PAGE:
As negotiations resume today in Vienna between Iran and the five permanent members of the UN Security Council plus Germany, the Atlantic Council’s Iran Task Force introduces two papers that outline options for unwinding US and European sanctions against Iran—a key element of any long-term agreement curbing Iran’s nuclear program.
“Easing US Sanctions on Iran,” by Kenneth Katzman of the Congressional Research Service, examines actions the United States could take to wind down sanctions imposed on the Islamic Republic beginning with the 1979 revolution and ratcheted up over the past decade as a means to deter the development of Iran’s nuclear program.
Among the possible steps outlined in the piece, Katzman highlights a key piece of legislation, the Iran Sanctions Act, set to expire as scheduled at the end of 2016. Katzman notes that allowing this act to sunset “would reopen Iran’s energy sector to unimpeded foreign investment and would enable Iran to begin expanding oil and gas production again after many years of stagnation.”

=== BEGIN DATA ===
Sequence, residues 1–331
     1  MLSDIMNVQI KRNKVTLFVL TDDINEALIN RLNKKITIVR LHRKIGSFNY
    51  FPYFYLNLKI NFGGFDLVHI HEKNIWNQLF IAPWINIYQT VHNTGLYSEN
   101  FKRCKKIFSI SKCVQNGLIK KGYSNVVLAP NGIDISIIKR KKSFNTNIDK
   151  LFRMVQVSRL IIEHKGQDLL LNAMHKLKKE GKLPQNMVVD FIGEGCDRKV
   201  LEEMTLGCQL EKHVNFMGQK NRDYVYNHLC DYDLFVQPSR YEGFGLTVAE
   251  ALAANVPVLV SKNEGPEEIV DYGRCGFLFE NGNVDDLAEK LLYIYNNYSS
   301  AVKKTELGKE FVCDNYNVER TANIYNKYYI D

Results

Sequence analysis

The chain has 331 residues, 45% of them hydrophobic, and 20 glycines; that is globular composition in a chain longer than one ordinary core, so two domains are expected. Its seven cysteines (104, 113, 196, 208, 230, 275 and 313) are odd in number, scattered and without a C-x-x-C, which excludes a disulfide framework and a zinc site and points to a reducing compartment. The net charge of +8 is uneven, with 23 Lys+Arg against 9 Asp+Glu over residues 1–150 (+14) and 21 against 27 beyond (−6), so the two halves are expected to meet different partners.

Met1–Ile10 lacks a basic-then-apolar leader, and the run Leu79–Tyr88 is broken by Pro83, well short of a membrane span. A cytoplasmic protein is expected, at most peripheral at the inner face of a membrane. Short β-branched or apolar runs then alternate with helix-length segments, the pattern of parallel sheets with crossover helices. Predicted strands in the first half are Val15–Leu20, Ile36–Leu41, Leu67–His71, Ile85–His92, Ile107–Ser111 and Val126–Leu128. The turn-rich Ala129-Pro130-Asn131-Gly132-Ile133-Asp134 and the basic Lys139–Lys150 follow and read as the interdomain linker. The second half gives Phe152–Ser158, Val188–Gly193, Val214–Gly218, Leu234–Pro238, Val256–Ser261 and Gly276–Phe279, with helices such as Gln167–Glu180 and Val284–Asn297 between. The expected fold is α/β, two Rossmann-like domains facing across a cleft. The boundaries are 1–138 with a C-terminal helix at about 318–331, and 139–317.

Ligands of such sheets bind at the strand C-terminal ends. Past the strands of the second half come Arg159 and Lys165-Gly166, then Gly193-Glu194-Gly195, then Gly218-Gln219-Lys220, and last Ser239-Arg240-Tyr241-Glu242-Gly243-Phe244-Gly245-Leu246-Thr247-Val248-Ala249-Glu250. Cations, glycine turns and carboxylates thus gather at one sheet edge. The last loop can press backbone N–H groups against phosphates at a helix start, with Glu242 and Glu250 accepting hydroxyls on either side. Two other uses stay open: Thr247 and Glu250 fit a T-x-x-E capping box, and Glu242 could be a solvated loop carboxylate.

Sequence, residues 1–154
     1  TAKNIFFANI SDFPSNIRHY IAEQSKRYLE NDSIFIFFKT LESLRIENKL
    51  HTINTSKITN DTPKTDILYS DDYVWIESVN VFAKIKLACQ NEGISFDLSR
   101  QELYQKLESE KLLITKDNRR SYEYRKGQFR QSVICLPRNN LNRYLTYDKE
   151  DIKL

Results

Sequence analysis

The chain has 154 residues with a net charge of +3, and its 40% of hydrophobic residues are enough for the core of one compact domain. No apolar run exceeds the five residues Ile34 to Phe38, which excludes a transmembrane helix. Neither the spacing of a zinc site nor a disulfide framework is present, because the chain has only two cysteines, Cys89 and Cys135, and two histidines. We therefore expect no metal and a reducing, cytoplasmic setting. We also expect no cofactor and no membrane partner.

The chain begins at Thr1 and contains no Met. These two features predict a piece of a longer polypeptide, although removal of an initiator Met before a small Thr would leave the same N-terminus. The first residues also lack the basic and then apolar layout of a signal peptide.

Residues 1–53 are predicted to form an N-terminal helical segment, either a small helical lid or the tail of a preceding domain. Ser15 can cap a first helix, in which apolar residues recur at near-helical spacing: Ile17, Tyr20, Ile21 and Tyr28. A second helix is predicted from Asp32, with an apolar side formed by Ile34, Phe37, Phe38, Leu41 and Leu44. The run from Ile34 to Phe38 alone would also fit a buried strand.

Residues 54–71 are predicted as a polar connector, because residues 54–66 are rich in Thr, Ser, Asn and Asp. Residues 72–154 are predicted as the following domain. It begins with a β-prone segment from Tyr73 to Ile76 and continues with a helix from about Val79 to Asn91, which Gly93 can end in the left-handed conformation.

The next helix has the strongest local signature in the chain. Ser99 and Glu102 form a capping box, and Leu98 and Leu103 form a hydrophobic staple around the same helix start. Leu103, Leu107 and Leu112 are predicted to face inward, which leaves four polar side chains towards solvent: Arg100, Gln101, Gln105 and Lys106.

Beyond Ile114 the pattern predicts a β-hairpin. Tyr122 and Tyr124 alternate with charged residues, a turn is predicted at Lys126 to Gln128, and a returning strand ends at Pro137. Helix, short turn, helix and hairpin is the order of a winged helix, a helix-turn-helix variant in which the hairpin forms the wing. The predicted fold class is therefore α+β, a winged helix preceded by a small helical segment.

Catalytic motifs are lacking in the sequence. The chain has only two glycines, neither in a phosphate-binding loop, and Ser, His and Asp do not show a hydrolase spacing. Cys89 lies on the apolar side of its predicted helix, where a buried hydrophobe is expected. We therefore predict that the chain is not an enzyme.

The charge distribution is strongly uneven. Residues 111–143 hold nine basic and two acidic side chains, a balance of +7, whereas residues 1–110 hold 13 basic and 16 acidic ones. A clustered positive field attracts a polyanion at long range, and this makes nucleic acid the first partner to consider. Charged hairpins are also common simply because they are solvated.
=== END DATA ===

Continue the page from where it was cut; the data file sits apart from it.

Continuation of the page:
In a companion piece, “Easing EU Sanctions on Iran,” Cornelius Adebahr of the Carnegie Endowment for International Peace notes that European sanctions relief must be coordinated with the United States in order to ensure that European businesses can return to the Iranian market without fear of facing so-called secondary sanctions by US authorities.
Adebahr suggests that sanctions relief focus on four areas identified by the Iranians as among their top priorities:
- Allowing foreign countries to import Iranian oil and gas freely;
- Unfreezing the estimated $100 billion in Iranian oil revenues currently frozen in foreign banks;
- Easing restrictions on financial transactions with Iran involving the civilian economy; and
- Delisting a number of Iranians currently on travel ban lists.